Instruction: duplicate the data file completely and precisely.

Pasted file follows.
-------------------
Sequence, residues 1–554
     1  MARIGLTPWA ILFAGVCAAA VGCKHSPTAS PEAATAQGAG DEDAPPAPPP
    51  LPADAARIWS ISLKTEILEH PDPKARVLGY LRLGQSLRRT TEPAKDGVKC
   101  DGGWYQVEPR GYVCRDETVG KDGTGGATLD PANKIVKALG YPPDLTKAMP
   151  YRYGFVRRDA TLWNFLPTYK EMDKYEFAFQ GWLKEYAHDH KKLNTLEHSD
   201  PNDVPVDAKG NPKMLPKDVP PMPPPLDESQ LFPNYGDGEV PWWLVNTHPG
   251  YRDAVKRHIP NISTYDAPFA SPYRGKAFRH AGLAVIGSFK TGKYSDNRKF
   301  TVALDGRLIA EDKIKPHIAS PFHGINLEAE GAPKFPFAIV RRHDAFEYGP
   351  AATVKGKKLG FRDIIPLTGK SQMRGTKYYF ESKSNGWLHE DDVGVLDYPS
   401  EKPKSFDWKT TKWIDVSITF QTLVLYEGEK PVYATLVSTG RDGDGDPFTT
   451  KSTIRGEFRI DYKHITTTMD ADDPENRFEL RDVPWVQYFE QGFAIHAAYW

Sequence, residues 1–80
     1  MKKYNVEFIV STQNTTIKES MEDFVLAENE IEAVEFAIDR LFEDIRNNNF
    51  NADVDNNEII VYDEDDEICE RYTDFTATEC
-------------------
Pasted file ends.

Sequence, residues 1–554
     1  MARIGLTPWA ILFAGVCAAA VGCKHSPTAS PEAATAQGAG DEDAPPAPPP
    51  LPADAARIWS ISLKTEILEH PDPKARVLGY LRLGQSLRRT TEPAKDGVKC
   101  DGGWYQVEPR GYVCRDETVG KDGTGGATLD PANKIVKALG YPPDLTKAMP
   151  YRYGFVRRDA TLWNFLPTYK EMDKYEFAFQ GWLKEYAHDH KKLNTLEHSD
   201  PNDVPVDAKG NPKMLPKDVP PMPPPLDESQ LFPNYGDGEV PWWLVNTHPG
   251  YRDAVKRHIP NISTYDAPFA SPYRGKAFRH AGLAVIGSFK TGKYSDNRKF
   301  TVALDGRLIA EDKIKPHIAS PFHGINLEAE GAPKFPFAIV RRHDAFEYGP
   351  AATVKGKKLG FRDIIPLTGK SQMRGTKYYF ESKSNGWLHE DDVGVLDYPS
   401  EKPKSFDWKT TKWIDVSITF QTLVLYEGEK PVYATLVSTG RDGDGDPFTT
   451  KSTIRGEFRI DYKHITTTMD ADDPENRFEL RDVPWVQYFE QGFAIHAAYW

Sequence, residues 1–80
     1  MKKYNVEFIV STQNTTIKES MEDFVLAENE IEAVEFAIDR LFEDIRNNNF
    51  NADVDNNEII VYDEDDEICE RYTDFTATEC